Two days into a weeklong series of demonstrations throughout Iran, President Donald Trump shared his perspective on the subject in less than 280 characters on Twitter—and, for once, he was right. Amongst criticisms of the regime, he warned “The world is watching!” Indeed, the protests captured global media attention for several days, though they were not enough to compel middle-class Tehranis to take action.

The demonstrations were the largest Iran had seen since the 2009 Green Movement following the allegedly illegitimate re-election of Mahmoud Ahmadinejad. In 2009, thousands took to the streets of major Iranian cities calling for Ahmadinejad’s resignation. The unauthorized protests that occurred on December 28, on the other hand, began in the conservative, holy Muslim city of Mashhad, where residents initially expressed their frustration with current President Hassan Rouhani.

Rouhani, a moderate and reformist, was re-elected in May with promises to revitalize Iran’s declining economy. The same month, Caspian Finance and Credit Institution, one of many significant Iranian financial institutions to fail in a span of months due to corruption and mismanagement, closed. This situation left thousands of working-class Iranians without their savings or compensation. These were the people—ignored by their government and left with little hope—who rightfully began demonstrating in Mashhad. Many Tehranis, however, still believed in Rouhani as the country’s best shot at progress.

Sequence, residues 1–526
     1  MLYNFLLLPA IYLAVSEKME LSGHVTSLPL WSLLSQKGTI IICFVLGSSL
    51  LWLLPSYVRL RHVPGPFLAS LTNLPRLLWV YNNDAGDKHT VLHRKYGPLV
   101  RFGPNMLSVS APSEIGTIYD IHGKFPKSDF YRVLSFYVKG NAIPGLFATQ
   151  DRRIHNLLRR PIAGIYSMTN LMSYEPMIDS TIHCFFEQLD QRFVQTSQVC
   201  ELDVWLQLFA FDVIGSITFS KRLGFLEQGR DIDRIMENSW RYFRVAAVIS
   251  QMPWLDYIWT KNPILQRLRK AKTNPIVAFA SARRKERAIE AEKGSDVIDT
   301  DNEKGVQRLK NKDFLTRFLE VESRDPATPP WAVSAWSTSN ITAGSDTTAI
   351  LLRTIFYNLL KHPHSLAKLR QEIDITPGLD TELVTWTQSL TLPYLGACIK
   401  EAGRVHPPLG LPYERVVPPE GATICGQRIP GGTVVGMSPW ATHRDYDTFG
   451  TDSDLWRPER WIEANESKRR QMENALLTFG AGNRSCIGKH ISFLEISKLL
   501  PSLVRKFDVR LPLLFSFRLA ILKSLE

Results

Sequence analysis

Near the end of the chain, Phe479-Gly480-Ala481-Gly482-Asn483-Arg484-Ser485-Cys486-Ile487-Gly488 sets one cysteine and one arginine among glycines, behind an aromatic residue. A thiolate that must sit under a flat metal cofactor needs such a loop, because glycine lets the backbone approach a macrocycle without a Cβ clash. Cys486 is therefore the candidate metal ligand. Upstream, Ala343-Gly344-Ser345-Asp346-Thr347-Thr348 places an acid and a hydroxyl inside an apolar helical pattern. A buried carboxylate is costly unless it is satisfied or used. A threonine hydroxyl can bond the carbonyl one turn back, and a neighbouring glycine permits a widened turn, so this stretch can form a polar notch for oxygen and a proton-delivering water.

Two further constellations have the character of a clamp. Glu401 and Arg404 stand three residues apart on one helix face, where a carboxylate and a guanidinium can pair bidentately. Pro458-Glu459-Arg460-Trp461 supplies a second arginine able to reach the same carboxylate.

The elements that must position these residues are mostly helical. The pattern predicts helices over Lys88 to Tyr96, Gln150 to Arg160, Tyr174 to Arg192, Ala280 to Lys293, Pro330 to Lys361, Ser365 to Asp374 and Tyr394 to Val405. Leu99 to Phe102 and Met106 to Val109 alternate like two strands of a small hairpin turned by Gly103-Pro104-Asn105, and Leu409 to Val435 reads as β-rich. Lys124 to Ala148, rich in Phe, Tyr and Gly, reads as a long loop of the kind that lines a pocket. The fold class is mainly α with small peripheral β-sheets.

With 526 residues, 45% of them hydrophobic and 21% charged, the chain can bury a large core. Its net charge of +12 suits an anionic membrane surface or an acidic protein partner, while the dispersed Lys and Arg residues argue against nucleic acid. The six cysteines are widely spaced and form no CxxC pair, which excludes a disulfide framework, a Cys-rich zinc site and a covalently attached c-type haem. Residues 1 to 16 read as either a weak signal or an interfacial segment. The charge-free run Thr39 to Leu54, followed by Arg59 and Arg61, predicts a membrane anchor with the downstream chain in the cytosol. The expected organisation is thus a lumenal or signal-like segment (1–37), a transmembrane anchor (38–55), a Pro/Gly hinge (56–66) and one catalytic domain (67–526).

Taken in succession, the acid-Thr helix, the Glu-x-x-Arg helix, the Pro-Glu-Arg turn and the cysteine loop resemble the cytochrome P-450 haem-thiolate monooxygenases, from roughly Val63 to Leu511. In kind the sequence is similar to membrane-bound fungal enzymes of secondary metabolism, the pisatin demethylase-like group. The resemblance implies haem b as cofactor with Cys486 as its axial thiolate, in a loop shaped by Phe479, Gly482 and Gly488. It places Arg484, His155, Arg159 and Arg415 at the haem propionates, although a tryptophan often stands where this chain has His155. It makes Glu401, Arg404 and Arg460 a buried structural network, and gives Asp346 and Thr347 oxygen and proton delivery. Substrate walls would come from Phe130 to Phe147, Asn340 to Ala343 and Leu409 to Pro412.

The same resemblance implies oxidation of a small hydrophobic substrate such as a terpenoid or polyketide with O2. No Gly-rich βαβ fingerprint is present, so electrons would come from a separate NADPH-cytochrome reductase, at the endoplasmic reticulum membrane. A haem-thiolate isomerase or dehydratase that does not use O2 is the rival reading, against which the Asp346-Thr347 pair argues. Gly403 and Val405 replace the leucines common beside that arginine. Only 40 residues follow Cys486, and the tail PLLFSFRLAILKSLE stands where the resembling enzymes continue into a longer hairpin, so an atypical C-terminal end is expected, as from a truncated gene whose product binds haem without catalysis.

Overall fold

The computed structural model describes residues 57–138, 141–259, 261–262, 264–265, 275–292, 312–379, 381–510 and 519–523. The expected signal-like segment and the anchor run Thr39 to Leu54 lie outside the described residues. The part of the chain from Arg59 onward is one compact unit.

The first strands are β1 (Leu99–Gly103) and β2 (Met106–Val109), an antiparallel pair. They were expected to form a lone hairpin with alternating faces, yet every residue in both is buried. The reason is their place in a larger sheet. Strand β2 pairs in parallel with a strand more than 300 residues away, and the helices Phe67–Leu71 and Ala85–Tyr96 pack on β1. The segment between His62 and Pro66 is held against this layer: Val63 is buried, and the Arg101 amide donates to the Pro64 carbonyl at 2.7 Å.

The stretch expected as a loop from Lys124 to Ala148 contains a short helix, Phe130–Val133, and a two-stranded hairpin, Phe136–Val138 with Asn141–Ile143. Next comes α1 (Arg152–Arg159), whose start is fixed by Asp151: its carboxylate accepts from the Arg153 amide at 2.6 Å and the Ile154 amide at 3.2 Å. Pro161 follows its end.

As their numbers grew, protesters’ reasons for opposition grew; they denounced the culpable Supreme Leader Ayatollah Ali Khamenei and demanded that he “let the country go.” By December 30, annual pro-government rallies in numerous cities had been surpassed by angry crowds cheering, “death to the dictator” (Khamenei).

Police responded with tear gas and arrested thousands. The Revolutionary Guards—the same group that brutally suppressed the 2009 riots—warned protesters that Iran “will not allow the country to be hurt.” What they failed to realize, though, was the lack of distinction between a country and its people. By the end of the demonstrations in January, 25 protesters had been killed across the nation.

The middle class of Tehran, which so passionately assembled in 2009, was underrepresented in these protests. Some attribute the lack of action in the capital to the more sophisticated city-dwellers’ disapproval of the violent, impromptu demonstrations. Unlike the Green Movement, these protests did not initially have a clear goal. In reality, the reason for many Tehranis’ silence was simply that their fear of instability in Iran exceeded their frustration with the regime and economy. Although the failing economy has had implications for all, such as inflation or increased prices for basic commodities, it has not hit the urban upper-middle class as much as working-class towns. This was undoubtedly a factor behind why the recent protests were concentrated in rural areas.

The protests of late 2017 indicated the severe degree of economic and political discontent within demographics from which leaders of Iran had previously expected support. Hopefully, their outcry will prompt the government to enact real change to improve financial situations and increase general freedoms. Iranians have always been willing to protest wrongdoings without the legal right to do so, but now the regime is obligated to listen.